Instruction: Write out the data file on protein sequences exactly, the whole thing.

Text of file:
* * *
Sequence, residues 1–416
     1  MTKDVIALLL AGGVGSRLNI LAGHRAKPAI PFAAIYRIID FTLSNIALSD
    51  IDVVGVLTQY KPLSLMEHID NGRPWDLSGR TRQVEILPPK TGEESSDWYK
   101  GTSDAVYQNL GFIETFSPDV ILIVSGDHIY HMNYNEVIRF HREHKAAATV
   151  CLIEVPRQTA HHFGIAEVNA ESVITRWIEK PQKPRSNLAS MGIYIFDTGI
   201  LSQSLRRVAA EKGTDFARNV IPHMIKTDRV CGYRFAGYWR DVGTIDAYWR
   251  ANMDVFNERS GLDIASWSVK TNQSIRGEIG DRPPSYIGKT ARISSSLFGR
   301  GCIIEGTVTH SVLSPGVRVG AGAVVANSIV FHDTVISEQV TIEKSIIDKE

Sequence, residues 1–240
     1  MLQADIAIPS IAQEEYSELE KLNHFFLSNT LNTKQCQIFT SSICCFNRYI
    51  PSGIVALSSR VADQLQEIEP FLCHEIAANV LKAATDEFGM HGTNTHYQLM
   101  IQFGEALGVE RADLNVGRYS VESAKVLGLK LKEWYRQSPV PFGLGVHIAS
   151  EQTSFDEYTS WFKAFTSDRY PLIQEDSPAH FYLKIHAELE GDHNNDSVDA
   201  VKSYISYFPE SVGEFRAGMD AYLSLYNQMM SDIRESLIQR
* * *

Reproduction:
Sequence, residues 1–416
     1  MTKDVIALLL AGGVGSRLNI LAGHRAKPAI PFAAIYRIID FTLSNIALSD
    51  IDVVGVLTQY KPLSLMEHID NGRPWDLSGR TRQVEILPPK TGEESSDWYK
   101  GTSDAVYQNL GFIETFSPDV ILIVSGDHIY HMNYNEVIRF HREHKAAATV
   151  CLIEVPRQTA HHFGIAEVNA ESVITRWIEK PQKPRSNLAS MGIYIFDTGI
   201  LSQSLRRVAA EKGTDFARNV IPHMIKTDRV CGYRFAGYWR DVGTIDAYWR
   251  ANMDVFNERS GLDIASWSVK TNQSIRGEIG DRPPSYIGKT ARISSSLFGR
   301  GCIIEGTVTH SVLSPGVRVG AGAVVANSIV FHDTVISEQV TIEKSIIDKE

Sequence, residues 1–240
     1  MLQADIAIPS IAQEEYSELE KLNHFFLSNT LNTKQCQIFT SSICCFNRYI
    51  PSGIVALSSR VADQLQEIEP FLCHEIAANV LKAATDEFGM HGTNTHYQLM
   101  IQFGEALGVE RADLNVGRYS VESAKVLGLK LKEWYRQSPV PFGLGVHIAS
   151  EQTSFDEYTS WFKAFTSDRY PLIQEDSPAH FYLKIHAELE GDHNNDSVDA
   201  VKSYISYFPE SVGEFRAGMD AYLSLYNQMM SDIRESLIQR